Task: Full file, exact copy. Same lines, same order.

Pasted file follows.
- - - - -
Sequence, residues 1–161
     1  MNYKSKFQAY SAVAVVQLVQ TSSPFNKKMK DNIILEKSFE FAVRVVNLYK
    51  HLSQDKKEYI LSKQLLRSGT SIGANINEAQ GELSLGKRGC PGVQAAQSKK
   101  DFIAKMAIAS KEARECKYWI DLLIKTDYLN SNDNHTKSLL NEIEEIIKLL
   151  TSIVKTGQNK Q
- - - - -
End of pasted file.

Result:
Sequence, residues 1–161
     1  MNYKSKFQAY SAVAVVQLVQ TSSPFNKKMK DNIILEKSFE FAVRVVNLYK
    51  HLSQDKKEYI LSKQLLRSGT SIGANINEAQ GELSLGKRGC PGVQAAQSKK
   101  DFIAKMAIAS KEARECKYWI DLLIKTDYLN SNDNHTKSLL NEIEEIIKLL
   151  TSIVKTGQNK Q